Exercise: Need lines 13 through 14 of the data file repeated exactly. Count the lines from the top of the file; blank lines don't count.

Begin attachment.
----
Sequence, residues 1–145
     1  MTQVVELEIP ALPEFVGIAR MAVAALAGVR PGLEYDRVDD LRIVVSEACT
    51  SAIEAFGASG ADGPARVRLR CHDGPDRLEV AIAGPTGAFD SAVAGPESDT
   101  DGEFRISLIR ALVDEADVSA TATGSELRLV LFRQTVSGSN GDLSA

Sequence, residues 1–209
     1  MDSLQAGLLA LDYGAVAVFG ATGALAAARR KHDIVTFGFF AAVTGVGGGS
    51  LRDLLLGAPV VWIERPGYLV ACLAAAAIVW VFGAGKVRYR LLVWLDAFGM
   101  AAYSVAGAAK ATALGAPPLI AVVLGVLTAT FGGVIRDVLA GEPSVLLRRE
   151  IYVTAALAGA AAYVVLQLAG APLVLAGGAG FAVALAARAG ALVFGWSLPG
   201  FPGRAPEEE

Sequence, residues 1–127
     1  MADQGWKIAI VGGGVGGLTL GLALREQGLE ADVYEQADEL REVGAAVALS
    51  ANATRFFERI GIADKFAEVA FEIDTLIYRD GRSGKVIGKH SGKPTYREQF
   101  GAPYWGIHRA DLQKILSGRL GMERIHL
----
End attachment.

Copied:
    51  ANATRFFERI GIADKFAEVA FEIDTLIYRD GRSGKVIGKH SGKPTYREQF
   101  GAPYWGIHRA DLQKILSGRL GMERIHL